Molecular and genetic analyses provide the evidence for existence of three distinct domains in distal regions of chromosomes: cap complex, which is assembled on the terminal DNA in a sequence-independent manner, the array of HeT-A/TAHRE/TART elements, and TAS repeats. The size of the HeT-A/TAHRE/TART tract varies in different chromosome arms, totaling up to 147 kb in the X, 0-50 kb in 2L, 90 kb in 2R, 26 kb in 3L, and 43 kb in 3R. The HeT-A/TAHRE/TART array length is significantly increased on Su(var)205 backgrounds. Electron microscopy analysis demonstrates that distal regions of chromosomes in Tel mutants appear as a decompacted reticular-like material which, according to the FISH data, corresponds to the amplified HeT-A/TAHRE/TART repeats. Cap complex is estimated to span 4-6 kb of terminal DNA (Savitsky, 2002), and in Tel chromosomes cap region cannot be distinguished from the neighboring domain by morphology. In general, both the cap and the chromatin comprising HeT-A/TAHRE/TART arrays do not resemble typical intercalary and pericentric heterochromatin, and look more similar to the decompacted ß-heterochromatin, which also displays reticular structure. Reticular morphology probably originates from the repeated nature of the DNA in this region, which leads to homologous pairing between the fragments of the same strand (Andreyeva, 2005 and references therein).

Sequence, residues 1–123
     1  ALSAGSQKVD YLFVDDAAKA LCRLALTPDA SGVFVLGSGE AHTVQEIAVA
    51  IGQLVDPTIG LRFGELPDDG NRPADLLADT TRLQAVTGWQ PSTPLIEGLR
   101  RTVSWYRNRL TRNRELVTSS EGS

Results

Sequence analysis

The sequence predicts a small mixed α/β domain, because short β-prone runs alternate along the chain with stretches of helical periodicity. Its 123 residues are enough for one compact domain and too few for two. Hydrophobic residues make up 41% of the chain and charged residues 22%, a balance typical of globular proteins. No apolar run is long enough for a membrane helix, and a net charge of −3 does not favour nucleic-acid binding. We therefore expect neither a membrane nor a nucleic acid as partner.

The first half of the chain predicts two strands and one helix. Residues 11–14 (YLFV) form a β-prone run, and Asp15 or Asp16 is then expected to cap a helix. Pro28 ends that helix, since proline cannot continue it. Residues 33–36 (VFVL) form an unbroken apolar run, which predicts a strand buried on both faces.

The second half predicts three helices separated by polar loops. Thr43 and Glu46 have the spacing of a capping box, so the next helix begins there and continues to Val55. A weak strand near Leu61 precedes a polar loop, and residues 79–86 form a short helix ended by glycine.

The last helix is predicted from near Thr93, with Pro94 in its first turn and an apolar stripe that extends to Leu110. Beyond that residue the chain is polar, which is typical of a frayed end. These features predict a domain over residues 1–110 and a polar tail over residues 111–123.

As visualized by electron microscopy, the HeT-A/TAHRE/TART array is bordered with faint bands, which correspond to the localization sites of TAS repeats, according to FISH analysis. The total length of the TAS domain in telomeric regions is known to be small, approximately 10-25 kb. A middle-sized band normally contains about 30 kb DNA. Analysis of bands formed from the DNA of transposons having a known amount of DNA showed that 5 kb is the minimal size necessary for creating a band discernible under the electron microscope. The size of TAS repeats in D. melanogaster telomeres is at the resolution threshold at the electron microscopy level, in contrast to the IH regions, which often form very large and dense bands spanning up to 200-300 kb. Thus, at the level of cytology, faint bands formed by TAS are distinct from typical heterochromatin (Andreyeva, 2005).